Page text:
Dragonfly Consulting Limited (2009)

1. Ensure your contracts are accurate and consistent

It makes little sense having a contract which states that you will be subject to the control of the client, or that the client's processes and procedures will apply to you when they don't in practice.

In addition, make sure that the upper level contract (i.e. the contract between the agency and the client) does not contain anything which contradicts your contract with your agency or the way you intend to work on the assignment.

 

2. Make sure your client thinks the same way you do

If your client sees you as an extension of its own workforce, the company is more likely to control what you do and treat you as an employee. Make sure they know that you are engaged for a specific reason and that they treat you accordingly - throughout your assignment. If the client has more work for you, make sure you put a separate contract in place.

 

3. Ensure that the client’s representative views you as an independent consultant - not just part of the employed workforce

This is particularly important where your client representative is different from the individual who hired your services at the outset of the project. If necessary, provide a copy of your contract to the client representative to avoid any misunderstandings regarding the extent of the services you are providing.

 

4. Demonstrate that you are treated differently from your client’s employees - both in terms of the services you provide and how you perform them

Different pay and benefits will not be enough on their own. Flexible working, assignments for other clients, investing in your own training, development and equipment, working on a specific package of work for a fixed fee and/or a fixed period, is all good ways of showing that you are truly independent.

 

5. Working as part of a team does not automatically render you a disguised employee of the client

However, it is essential that you agree the scope of the work you undertake at the outset of the assignment. Being continually allocated further work by the client - particularly without putting in place additional contracts - could show that you are being treated as an employee. If further work comes up, make sure you put a contract in place before you start working on it. Quote a fixed price or overall fee estimate up front wherever you can.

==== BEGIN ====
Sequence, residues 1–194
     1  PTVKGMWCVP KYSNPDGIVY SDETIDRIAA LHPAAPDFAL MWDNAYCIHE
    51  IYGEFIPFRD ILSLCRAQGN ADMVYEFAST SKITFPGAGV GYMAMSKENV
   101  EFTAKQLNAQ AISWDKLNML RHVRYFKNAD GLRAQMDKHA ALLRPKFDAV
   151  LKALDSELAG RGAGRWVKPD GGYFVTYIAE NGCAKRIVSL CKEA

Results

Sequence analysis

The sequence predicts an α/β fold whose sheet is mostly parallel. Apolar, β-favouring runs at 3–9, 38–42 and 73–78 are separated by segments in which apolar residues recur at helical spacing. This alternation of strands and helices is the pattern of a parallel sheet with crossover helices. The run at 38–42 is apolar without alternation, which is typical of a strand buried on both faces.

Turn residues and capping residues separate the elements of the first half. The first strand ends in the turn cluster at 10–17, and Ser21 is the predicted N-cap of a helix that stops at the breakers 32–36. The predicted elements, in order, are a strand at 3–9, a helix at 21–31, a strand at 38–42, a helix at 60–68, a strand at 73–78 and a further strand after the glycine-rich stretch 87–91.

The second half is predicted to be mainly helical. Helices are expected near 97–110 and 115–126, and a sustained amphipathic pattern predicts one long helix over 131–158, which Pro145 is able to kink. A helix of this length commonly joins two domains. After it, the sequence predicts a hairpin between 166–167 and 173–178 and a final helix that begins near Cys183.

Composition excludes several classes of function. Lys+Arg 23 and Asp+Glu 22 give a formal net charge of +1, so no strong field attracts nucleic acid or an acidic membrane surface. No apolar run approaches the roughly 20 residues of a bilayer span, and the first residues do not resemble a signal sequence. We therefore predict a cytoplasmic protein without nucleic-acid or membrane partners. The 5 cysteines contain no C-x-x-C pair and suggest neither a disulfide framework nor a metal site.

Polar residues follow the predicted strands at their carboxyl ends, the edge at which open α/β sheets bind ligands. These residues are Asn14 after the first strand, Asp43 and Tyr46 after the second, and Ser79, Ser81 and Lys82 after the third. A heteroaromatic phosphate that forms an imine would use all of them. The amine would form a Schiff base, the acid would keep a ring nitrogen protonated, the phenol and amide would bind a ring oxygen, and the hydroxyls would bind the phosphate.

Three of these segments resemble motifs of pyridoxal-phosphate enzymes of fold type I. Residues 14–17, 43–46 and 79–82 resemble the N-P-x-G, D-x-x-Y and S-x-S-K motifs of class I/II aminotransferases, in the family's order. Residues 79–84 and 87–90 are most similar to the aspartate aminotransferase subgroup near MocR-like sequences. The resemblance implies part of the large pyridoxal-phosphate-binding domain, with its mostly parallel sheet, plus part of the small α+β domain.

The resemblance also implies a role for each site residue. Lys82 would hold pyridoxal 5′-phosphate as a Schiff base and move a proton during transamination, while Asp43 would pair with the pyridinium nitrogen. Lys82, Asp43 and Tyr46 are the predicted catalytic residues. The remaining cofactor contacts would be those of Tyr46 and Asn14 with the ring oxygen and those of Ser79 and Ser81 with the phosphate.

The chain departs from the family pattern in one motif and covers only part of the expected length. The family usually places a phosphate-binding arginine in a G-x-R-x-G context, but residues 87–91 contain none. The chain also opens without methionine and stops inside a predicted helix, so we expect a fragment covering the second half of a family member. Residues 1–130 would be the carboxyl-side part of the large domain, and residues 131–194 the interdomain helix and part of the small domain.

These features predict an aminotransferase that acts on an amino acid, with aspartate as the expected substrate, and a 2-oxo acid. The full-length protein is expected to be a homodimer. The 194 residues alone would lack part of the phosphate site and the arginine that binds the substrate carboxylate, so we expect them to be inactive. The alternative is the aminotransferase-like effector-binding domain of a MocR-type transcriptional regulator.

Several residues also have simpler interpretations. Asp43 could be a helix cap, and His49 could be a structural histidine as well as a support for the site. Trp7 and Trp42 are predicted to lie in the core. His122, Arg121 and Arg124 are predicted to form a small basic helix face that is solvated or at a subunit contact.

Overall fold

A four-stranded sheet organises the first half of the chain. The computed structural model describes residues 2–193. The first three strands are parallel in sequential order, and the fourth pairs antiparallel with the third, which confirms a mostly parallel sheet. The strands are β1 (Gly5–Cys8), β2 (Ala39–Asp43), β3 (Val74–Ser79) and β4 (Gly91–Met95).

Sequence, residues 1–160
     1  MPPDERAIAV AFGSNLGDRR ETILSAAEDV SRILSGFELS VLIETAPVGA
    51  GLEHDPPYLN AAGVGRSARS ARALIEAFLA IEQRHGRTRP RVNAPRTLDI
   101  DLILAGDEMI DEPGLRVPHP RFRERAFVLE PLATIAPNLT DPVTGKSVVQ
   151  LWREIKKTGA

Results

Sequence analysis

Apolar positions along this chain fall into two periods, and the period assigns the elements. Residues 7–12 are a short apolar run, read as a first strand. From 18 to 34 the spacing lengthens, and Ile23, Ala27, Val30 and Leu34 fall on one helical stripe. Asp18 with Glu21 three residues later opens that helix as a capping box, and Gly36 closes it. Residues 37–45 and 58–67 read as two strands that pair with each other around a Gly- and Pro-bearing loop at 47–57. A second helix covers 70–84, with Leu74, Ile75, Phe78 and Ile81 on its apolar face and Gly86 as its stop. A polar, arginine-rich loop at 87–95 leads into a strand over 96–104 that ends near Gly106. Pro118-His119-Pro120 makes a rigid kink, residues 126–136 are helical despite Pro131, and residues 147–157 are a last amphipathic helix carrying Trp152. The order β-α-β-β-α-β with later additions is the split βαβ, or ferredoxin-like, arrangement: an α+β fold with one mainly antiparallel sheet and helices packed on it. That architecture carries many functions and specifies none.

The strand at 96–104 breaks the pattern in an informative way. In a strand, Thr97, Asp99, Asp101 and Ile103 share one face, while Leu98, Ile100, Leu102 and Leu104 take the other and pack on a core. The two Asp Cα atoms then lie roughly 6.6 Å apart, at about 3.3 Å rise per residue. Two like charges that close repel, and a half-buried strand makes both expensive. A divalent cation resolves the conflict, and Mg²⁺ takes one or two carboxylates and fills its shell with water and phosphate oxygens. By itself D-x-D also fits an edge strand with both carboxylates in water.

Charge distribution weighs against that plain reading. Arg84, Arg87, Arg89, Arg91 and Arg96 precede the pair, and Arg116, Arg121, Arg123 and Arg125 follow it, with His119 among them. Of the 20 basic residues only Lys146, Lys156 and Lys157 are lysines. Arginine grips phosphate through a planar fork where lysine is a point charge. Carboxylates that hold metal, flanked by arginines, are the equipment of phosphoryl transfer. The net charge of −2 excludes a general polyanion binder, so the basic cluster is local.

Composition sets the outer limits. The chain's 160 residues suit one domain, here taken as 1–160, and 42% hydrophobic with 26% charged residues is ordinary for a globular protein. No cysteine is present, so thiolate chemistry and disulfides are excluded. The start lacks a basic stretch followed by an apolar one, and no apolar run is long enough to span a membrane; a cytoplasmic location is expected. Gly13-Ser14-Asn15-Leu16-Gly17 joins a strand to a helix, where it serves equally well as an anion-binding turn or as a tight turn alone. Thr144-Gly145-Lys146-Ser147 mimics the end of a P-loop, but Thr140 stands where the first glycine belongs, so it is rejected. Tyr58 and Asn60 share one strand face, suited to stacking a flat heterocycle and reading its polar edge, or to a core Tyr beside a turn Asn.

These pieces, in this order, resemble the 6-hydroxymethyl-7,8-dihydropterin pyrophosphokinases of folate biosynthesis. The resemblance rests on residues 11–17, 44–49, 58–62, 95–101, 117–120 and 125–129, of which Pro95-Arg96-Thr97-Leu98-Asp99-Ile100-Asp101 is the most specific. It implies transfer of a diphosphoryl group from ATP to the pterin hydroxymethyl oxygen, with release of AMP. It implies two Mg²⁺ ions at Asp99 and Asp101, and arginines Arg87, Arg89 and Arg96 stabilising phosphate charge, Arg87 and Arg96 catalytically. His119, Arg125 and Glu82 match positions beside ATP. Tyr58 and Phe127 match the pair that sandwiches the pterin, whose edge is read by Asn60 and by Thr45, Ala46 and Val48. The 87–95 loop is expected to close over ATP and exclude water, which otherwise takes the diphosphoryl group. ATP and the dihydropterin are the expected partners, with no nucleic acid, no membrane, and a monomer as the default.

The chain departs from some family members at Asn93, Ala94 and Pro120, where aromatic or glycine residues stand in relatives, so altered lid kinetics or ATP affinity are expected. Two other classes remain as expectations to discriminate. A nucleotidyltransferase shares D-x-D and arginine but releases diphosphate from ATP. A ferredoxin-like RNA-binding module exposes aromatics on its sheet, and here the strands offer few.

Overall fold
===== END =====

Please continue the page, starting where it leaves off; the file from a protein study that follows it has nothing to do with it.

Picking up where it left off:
6. Provide a substitute

Not only does providing a substitute give unequivocal evidence that you are not obliged to offer a personal service, and therefore cannot be a disguised employee, it can also enable you to profit further from the assignment by supplying cheaper labour to perform the services on your behalf.

 

7. Project based assignments are significantly better than period based ones

Being engaged on a specific project enables you to quote a fixed fee and work flexibly as long as deadlines and project completion dates are met. However, being engaged on an ongoing basis may suggest you are only there until the client recruits a permanent employee to do your job. This may indicate that the company is treating you as if you were that individual until someone permanent comes along which can potentially make you a disguised employee.

 

8. Manage your own assignments

Employees are generally contractually obliged to give up their time for a fixed number of hours each day/week, but as an independent contractor, you should determine the hours required to complete the work. It is important that you take control over managing your assignments and don’t rely on being allocated work. This should also enable you to quote a fixed fee for the project and/or undertake work for other customers along side this assignment.

 

9. Calling yourself a contractor and not receiving holiday or sick pay are not enough on their own to prove that you are not an employee of the client

Your working practices and other terms of the contract must indicate that you are self employed. This could involve you showing that you have financial risk in terms of bad debts, rectify work at your own cost and invest in your company - all good ‘badges of trade’.

 

10. Working for multiple clients and investing in your own company is still a good way of demonstrating that you are in business of your own account

The more clients you work for, the easier it is to demonstrate that you are self employed, whereas only having one client as your sole source of income for a lengthy period may suggest that you are employed by the end client. To counteract this, pay for your own training, provide as much of your own equipment as possible and advertise your services in trade magazines or the Yellow Pages.

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